And now the avakaya is ready to be relished with rice, roti, paratha, pav, bread or just any edible item that one would like to have it with.
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indrani robbinsAugust 21, 2016 at 3:01 am
loved the avakaya story. and that picture makes me hungry. you daughter fell for it at three? my kind of girl. please share the basic recipe… maybe some day, if i get enough people to clean the pieces…. thanks, durga, enjoyed reading and understanding the meaning of the words. my grandmother used to make aam tel (literally, mango oil) for the whole year. while the masala had several things and a handful of chana was thrown in, it was soaked in mustard oil. didn’t know mustard powder was popular in your part of the world.
DurgaSAugust 22, 2016 at 5:39 pm
Thanks Indi. Oh yeah, she instantly liked it. Basic recipe is simple actually. Chilli powder, salt, mustard powder could be approx in the ratio of 1:0.50:0.25. But it can be altered as per one’s liking. After mixing the masalas, very little oil is added so as to wet the masalas. Then, mango pieces added gradually, each piece wrapped in enough masala. And then, they are put into the pickle jars and more oil is added for the pickle to soak in for two days. The taste can also depend upon the pungency of the chilly powder, also upon how sour the mangoes are. All these have an effect on the final taste of the avakaya. That’s why after resting it for two days, it is nicely mixed and tasted again. Then, if needed certain masalas can be added.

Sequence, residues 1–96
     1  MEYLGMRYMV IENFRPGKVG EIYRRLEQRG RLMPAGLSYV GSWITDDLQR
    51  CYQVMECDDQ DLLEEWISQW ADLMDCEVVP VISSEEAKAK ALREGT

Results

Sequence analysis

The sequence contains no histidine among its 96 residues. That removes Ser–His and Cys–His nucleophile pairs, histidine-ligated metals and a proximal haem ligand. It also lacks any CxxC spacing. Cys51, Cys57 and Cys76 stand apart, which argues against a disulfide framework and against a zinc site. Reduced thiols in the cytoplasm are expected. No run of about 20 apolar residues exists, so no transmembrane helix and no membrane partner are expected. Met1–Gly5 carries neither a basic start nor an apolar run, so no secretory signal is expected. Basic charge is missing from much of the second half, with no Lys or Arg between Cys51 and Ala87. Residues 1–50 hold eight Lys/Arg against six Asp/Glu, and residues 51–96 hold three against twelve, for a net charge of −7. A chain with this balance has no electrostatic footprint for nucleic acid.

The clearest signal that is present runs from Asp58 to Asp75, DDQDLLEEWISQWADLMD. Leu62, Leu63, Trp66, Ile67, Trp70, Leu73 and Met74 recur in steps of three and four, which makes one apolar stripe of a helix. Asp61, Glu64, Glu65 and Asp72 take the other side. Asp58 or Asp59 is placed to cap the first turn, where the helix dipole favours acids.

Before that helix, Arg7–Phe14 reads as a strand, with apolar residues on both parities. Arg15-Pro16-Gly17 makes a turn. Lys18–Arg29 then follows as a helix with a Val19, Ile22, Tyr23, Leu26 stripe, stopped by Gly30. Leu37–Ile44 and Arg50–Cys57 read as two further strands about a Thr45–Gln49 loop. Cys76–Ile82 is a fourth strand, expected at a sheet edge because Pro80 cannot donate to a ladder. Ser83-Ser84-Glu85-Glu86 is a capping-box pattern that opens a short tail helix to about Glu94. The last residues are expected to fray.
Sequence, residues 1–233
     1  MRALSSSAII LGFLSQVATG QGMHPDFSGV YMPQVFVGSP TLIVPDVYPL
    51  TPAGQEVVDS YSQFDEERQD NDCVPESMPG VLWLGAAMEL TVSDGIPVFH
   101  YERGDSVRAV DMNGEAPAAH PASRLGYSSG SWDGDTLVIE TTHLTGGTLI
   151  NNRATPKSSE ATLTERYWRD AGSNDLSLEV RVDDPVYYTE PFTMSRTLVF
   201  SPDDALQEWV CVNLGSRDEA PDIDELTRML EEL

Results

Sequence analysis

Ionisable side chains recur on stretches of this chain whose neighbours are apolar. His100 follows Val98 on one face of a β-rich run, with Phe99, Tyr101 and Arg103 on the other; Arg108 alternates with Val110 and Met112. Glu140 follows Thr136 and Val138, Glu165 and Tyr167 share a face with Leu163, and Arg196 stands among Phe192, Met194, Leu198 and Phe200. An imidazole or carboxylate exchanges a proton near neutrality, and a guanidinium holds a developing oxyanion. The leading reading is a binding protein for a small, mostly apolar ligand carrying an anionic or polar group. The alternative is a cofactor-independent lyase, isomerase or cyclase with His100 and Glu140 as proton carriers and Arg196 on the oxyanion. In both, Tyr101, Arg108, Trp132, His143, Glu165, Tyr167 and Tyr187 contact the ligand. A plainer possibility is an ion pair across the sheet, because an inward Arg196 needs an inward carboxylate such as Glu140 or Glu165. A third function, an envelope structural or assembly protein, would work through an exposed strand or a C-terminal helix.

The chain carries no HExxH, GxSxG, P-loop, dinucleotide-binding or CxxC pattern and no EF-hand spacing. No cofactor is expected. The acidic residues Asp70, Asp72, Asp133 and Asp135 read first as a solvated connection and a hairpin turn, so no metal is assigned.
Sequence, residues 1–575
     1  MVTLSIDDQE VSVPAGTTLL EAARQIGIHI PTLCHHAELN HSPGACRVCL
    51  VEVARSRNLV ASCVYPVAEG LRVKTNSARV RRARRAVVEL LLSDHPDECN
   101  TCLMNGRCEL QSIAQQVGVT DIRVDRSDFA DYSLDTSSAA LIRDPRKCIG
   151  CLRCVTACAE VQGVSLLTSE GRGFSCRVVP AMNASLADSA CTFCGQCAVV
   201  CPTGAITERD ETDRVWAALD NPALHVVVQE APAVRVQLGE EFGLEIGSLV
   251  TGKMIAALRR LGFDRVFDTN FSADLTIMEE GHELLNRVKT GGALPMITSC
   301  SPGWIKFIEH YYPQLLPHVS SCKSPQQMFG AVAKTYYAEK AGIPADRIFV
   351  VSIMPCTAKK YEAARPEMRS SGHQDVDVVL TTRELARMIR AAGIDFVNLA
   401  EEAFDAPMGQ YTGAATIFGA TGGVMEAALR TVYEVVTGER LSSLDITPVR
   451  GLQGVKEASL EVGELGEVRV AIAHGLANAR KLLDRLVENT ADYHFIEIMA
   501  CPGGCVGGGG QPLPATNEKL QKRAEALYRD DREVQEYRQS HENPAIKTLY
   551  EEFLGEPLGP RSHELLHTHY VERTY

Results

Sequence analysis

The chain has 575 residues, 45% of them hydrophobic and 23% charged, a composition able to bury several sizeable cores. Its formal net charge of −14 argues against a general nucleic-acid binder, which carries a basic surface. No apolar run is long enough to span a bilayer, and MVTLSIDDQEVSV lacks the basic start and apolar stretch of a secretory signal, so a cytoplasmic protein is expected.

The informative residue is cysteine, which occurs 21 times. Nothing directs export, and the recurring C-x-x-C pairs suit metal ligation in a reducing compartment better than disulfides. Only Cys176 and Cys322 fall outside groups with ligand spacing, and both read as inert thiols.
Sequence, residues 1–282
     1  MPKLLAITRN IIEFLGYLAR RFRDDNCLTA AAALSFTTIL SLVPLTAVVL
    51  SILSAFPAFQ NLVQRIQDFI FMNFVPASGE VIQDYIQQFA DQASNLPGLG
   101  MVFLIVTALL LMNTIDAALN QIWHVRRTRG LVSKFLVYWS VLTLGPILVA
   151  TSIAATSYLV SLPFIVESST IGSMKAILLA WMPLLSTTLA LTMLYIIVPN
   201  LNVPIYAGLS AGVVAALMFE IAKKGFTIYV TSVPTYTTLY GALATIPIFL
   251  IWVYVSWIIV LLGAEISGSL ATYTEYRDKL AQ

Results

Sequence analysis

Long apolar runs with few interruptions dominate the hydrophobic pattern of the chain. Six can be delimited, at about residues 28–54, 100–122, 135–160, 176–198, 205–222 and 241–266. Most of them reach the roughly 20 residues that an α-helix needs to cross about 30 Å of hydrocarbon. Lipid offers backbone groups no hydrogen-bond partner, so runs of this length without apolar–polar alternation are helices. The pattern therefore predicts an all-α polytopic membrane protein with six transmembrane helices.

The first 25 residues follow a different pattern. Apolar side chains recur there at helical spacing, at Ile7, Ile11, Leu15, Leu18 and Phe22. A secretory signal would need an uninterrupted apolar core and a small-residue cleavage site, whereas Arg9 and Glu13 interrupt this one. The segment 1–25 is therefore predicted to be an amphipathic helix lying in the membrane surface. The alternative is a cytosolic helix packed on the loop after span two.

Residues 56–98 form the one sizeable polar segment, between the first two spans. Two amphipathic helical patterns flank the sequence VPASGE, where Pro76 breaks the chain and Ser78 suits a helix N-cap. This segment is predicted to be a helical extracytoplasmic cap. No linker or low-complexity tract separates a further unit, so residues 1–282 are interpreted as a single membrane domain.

Mustard seeds and also fenugreek is quite widely used, especially in pickles and pachadis. For certain short term pickles, a tadka of mustard seeds and asafoetida is added. Optionally, chana or fenugreek seeds can also be added in the avakaya masala.
Aam tel, interesting. Such an interesting world it was then, isn’t it? Planning, making and storing things for the whole year. Now, many things are available instantly. Somehow this ‘easily-accessible’ way of life is robbing us of some wonderful traditions.
indrani robbinsAugust 22, 2016 at 11:20 pm
thanks so much, durga… if i get a chance, will surely try to make avakaya. appreciate this note on proportions and tips.
yes, while i can’t imagine myself getting into pickle and vadi and mithai making on a regular basis, something is going away with the passage of our elders and all this readymade frenzy. something precious, which we haven’t replaced with anything equally good. maybe some day… who knows.
DurgaSAugust 23, 2016 at 5:31 pm
Ya, I hope someday, there is a turnaround, as far as food traditions are concerned. Do give it a try Indi. Make a start with just a few mangoes. It’s really about which taste you would love best. A few tries and you should get it. 🙂
indrani robbinsAugust 24, 2016 at 9:27 am
thanks, durga, yes, will try a small batch. must. mouth is insisting on watering.
KatelynAugust 21, 2016 at 11:05 am
What a nice family tradition! Sounds like quite a fun affair. Yum, my mouth is watering.
DurgaSAugust 22, 2016 at 5:43 pm
Hi Kate. Happy to see you here. Thanks. It used to be fun earlier when we were kids. Now most have moved out. Only a few of us here now. 🙂
Archana popliAugust 22, 2016 at 2:46 am
I love mango pickle .I also love the fresh pickle they make with mango in the south it lasts for only a day .but I miss the aromas if fresh pickle out here nice story
DurgaSAugust 22, 2016 at 5:50 pm
Hi Archana, thanks. Pickles generally last for a long time. Perhaps you meant the mango pachadi, i.e. the chutney type. That usually does last for a few days, if you store it in fridge. Oh yes, the fresh pickle aroma, quite something, isn’t it? 🙂